Kid Engineer: Compost Heater | Design Squad


♪ ♪ ANDREA: We’re heating up
our greenhouse with poop. ♪ ♪ The poop is horse manure, which
is a part of our compost heater. ♪ ♪ I’m Andrea. I’m a member of the Green Team
from Groundwork Somerville. Groundwork is a nonprofit
organization that runs the South Street Farm. It’s a quarter-acre urban farm where we grow healthy,
affordable vegetables for the local community. Green Team is Groundwork’s
teen employment and leadership program. This thing behind me is located
on our South Street Farm, and it’s a greenhouse. We need the greenhouse so
we can start the growing season as early as possible by starting seeds
while it’s still cold outside. The greenhouse traps heat
from the sun, but it’s not enough
to get the temperature above 65 degrees,
which is optimal for growing. We’re not using electricity
or burning fossil fuels to generate heat. We’re doing it with compost. Jess is the deputy director
and farm manager at Groundwork Somerville. JESS: So we want heat, which is a type of energy, and we know it’s in the compost. This heat is actually heat
from the sun. We learned that the sun provides
energy to the plants, and the plants obviously
feed horses, and then the horses take that
nutrition and poop it out. Our compost heater will be a box
with layers of leaves, horse manure, and cocoa shells donated by a local
chocolate factory. Micro-organisms, which exist
naturally in the environment, break down the organic materials
in the layers. Micro-organisms need moisture
and oxygen to live and multiply. As they break down the material, they make carbon dioxide
and heat, as much as 100 to 150 degrees. The first step for our compost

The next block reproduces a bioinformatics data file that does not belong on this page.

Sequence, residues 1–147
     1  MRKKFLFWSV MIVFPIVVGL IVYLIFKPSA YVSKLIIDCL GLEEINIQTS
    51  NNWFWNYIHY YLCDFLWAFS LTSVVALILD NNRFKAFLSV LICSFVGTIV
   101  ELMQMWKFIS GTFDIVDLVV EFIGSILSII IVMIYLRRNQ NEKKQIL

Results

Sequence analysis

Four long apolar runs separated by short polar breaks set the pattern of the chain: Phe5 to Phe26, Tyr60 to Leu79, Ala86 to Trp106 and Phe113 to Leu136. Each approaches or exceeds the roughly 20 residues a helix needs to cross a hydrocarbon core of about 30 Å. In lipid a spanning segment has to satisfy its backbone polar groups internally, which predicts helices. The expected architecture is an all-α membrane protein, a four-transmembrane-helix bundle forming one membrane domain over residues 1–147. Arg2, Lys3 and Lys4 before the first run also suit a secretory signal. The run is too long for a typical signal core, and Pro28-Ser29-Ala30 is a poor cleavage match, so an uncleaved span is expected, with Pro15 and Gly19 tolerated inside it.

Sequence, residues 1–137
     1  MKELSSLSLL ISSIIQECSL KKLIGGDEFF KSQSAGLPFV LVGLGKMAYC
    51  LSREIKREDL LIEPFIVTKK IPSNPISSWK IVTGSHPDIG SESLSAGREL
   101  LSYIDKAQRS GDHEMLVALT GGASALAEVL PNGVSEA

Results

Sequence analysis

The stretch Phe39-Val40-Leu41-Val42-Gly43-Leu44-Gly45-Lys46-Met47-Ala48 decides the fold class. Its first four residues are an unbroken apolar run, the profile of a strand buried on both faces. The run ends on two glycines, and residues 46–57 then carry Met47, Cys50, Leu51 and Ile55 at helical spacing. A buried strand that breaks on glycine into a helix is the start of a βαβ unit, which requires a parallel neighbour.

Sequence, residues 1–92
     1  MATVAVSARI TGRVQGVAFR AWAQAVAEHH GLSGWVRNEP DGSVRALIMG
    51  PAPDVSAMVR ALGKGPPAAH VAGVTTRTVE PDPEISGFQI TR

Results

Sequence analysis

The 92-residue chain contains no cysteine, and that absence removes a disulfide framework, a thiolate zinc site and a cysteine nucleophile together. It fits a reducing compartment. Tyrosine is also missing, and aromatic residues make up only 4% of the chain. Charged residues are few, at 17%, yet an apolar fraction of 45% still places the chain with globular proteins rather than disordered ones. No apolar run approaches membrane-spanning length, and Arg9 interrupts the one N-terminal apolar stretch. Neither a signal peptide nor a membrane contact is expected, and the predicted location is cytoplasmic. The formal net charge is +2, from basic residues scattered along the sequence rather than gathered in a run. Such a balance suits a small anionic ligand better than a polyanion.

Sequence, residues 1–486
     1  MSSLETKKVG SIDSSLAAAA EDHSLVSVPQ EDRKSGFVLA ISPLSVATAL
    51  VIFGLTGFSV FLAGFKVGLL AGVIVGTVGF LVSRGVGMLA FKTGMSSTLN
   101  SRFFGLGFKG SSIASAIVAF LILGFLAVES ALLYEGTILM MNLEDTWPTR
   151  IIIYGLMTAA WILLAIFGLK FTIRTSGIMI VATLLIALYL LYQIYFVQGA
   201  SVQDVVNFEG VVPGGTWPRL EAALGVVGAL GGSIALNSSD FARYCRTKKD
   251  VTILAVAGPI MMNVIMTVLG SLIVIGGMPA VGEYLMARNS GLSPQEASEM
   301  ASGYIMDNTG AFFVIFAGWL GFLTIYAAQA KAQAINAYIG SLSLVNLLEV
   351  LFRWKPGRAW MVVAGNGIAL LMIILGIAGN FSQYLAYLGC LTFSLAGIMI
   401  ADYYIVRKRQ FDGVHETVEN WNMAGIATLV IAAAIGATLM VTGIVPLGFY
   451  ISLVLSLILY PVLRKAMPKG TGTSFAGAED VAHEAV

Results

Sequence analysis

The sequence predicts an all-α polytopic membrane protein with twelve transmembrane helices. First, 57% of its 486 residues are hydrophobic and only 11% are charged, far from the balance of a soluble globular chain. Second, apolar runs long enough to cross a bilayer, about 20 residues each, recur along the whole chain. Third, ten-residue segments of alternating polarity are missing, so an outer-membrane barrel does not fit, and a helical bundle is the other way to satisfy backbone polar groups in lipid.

heater is to build the box. WOMAN:
All right, we’re good. ANDREA: We faced a lot
of challenges towards the beginning. We couldn’t get it level, so we had to keep on moving
the gravel in and out. JESS: It’s not actually touching
there. That’s pretty good. (shovel scraping on gravel) ANDREA: After we built the box,
we had to take PVC pipes and drill holes into them
and place them at the bottom of the box. The PVC pipes go under
the compost layer. They will allow oxygen
to flow into the compost. And we put a layer of fabric
over the pipes, and the compost layers will go
on top of that. Now that we have the box built, we need to keep putting
in layers of leaves, horse manure, and cocoa shells until we get to the top
of the box. WOMAN: All right. (drill whirring) (laughing) Andrea! (people talking in background) ♪ ♪ WOMAN: All right,
last bucket coming in! – The last bucket!
(cheering) JESS: Guys, I think we finished
all of our materials. So I think that means
we have finished filling our compost heater.
(cheering) That was amazing.
– Good job, people! ANDREA: Now that the compost
heater is built, we’re going to start
planting seed. ♪ ♪ The best way to use
our compost heater is as a surface
to start our seedlings. So what we’re trying to achieve
is a higher temperature here at the surface. And this digital thermometer reads the temperature
of surface areas. It’s about 68 degrees here
on the compost system. The optimal temperature to start
seedlings is above 65 degrees, and that’s what we have. Placing our seedlings on top
of the compost heater allows us to start our
growing season much earlier. We want to make sure
that our community is receiving as much healthy produce
as possible, and we want to be
environmentally responsible. To generate heat in the
greenhouse, we don’t burn oil and we don’t use
the electricity. We’re mainly reliant on the heat
from the sun and the heat that we produce
from our compost system. We need more urban farms. They’re important for kids
that live in the city like us and who don’t have much access
to going into big, rural farms. So if you have an urban farm
near you, volunteer, help out. Do whatever you can to make sure
that you are involved. Urban farms are necessary; make sure you’re taking care
of yours.

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